Since batteries have become a hot topic, we’ve heard speculation that an east-facing solar system may more advantageous for homes with a battery bank than a north-facing panel array. The reasoning goes that the additional sunlight earlier on (vs a north-facing system) would help to meet the morning demand, ensuring that more of the solar energy is either put to direct use or used to charge the batteries (as opposed to being exported to the grid at a low rate).
Our analysis confirms that there appears to be some validity to the idea – but that the difference for a small-scale solar & battery system is minimal. All things being equal, an east-facing array would deliver a slightly shorter payback period than a north-facing array only if the home has a ‘double hump’ consumption pattern – and the difference would only be about 3 months. For ‘evening peak’ and ‘day focus’ consumption patterns, a north-facing array will deliver the shorter payback (as per the table below).
Payback periods for a Brisbane home with a 3kW solar system, a 3.3kWh LG Chem battery and 25kWh of energy consumption per day (on average).
Consumption pattern is more important than orientation
Perhaps the more important thing to notice here, however, is that household consumption patterns are a more important determinant of payback period length than solar panel array orientation. A ‘day focus’ home will almost always have a shorter payback period because they will be in the best position to use the solar energy in real-time, as it is generated. Solar energy holds the highest value for a home when it is ‘self-consumed‘; storing the solar in batteries is the second best use, while exporting it to the grid delivers the least value (due to low solar feed-in tariffs).
Understand, however, that this means that it’s the solar panels themselves that are creating the most savings – not the batteries. In fact, as the table below shows, a day focus home actually has the lowest level of battery capacity utilisation of the three consumption patterns we looked at. In essence, the batteries are not even working as ‘hard’ as they would be in the other consumption pattern scenarios (see table below), but the system nevertheless delivers a better payback.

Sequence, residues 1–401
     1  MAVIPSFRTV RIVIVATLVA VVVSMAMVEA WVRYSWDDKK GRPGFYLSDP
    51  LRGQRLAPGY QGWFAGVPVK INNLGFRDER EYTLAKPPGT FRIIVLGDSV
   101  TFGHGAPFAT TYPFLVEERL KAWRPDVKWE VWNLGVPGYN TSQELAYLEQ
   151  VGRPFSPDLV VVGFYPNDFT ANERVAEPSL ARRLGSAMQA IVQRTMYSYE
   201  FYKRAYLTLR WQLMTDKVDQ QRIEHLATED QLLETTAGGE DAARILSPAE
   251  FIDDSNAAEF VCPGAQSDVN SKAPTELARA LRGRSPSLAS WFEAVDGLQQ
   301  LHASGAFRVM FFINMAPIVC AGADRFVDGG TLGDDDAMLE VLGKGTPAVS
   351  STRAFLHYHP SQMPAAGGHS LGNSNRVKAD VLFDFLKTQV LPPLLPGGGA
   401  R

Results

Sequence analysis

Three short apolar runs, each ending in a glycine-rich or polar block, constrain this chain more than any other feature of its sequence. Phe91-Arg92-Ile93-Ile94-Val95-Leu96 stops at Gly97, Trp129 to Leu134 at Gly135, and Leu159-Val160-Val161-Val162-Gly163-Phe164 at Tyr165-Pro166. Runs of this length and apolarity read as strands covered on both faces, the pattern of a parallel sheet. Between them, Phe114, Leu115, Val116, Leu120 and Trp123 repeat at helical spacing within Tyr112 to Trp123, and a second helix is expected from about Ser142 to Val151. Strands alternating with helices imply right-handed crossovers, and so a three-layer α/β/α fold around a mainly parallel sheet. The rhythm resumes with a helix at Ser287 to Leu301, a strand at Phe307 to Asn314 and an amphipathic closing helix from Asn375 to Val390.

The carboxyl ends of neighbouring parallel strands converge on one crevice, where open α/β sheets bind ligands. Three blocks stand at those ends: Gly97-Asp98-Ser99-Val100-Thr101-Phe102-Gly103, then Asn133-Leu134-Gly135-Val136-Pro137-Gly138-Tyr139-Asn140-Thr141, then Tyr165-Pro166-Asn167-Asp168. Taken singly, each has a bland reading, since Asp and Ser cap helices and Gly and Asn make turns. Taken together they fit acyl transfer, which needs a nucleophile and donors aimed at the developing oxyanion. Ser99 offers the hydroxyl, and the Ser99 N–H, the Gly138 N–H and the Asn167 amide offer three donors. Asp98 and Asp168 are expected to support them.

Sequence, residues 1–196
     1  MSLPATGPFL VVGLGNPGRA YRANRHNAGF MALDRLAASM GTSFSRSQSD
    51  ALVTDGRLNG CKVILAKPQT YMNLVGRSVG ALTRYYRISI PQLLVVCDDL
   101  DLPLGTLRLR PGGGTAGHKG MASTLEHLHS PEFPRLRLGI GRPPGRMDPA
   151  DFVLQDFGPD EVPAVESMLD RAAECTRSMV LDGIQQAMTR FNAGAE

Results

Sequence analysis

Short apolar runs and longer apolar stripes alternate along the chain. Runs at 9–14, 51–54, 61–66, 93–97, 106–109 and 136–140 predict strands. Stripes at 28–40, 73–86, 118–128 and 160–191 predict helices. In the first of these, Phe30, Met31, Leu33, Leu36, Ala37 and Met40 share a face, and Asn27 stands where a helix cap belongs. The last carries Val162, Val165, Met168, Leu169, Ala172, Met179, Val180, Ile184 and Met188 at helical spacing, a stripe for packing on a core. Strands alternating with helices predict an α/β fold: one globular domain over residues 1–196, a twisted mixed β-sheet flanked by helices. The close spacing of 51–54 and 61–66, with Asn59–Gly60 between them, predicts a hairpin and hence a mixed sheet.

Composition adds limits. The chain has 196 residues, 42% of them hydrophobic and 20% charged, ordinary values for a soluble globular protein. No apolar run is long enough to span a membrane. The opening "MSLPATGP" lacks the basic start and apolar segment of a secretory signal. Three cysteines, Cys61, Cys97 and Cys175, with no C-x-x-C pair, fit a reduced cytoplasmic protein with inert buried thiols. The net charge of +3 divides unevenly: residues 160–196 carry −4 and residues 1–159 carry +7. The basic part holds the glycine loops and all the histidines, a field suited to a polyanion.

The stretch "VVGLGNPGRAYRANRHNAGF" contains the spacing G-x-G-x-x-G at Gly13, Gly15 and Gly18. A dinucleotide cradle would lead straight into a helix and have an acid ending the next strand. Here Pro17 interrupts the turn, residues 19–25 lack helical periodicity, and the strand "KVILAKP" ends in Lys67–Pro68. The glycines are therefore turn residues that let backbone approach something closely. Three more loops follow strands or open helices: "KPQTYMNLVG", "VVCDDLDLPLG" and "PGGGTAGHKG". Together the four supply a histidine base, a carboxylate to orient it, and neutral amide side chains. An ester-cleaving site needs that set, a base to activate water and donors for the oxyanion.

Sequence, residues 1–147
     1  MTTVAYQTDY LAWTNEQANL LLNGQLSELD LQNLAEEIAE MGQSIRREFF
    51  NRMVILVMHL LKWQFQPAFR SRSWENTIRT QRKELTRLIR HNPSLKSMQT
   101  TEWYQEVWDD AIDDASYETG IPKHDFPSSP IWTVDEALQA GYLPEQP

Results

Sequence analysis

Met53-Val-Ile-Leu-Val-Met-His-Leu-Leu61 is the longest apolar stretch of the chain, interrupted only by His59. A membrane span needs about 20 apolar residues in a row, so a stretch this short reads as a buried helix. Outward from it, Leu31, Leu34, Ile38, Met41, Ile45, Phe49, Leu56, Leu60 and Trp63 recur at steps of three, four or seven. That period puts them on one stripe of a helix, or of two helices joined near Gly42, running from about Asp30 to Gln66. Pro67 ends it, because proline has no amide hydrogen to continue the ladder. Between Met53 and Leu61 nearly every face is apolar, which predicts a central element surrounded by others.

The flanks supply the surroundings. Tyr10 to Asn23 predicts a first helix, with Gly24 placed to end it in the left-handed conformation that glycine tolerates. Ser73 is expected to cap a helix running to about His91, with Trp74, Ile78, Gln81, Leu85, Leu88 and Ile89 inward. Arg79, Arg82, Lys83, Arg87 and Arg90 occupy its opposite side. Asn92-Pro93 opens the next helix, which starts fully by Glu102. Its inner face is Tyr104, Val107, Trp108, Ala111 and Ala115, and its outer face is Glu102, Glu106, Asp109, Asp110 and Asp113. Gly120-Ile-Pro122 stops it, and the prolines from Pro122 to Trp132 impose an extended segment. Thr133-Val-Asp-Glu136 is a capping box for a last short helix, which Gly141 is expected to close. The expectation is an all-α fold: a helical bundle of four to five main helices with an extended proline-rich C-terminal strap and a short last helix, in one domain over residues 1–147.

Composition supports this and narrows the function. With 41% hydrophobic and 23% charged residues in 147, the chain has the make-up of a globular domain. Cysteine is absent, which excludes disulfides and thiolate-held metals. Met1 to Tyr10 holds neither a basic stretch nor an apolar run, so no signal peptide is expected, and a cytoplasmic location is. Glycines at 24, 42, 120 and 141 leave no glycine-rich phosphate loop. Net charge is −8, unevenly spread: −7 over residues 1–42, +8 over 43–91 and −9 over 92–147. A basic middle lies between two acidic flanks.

This shouldn’t come as a surprise: it’s not news to anyone who’s been paying attention that battery prices are still too high to make sense from a pure financial perspective (except in a handful of situations). There are still good reasons to get batteries – for example, if you want a backup in the event of a blackout or if you like the idea of energy independence. If you do invest in batteries, however, it’s usually wise to select a smaller system which can later be expanded.
Battery capacity utilisation under in nine different scenarios. The scenario with one of the highest capacity utilisation rates (north-facing panels, ‘double hump’ consumption pattern) also has one of the longest payback periods.
Compare battery storage options in Brisbane: Complete the Solar Quote Comparison request form to the right of this page.
Gallery – all scenario results (generated using PVSell)
Top row: West, North & East-facing arrays on Double Hump pattern
Middle row: West, North and East-facing arrays on Evening Peak pattern
Bottom row: West, North and East-facing arrays on Day Focus pattern
© 2016 Solar Choice Pty Ltd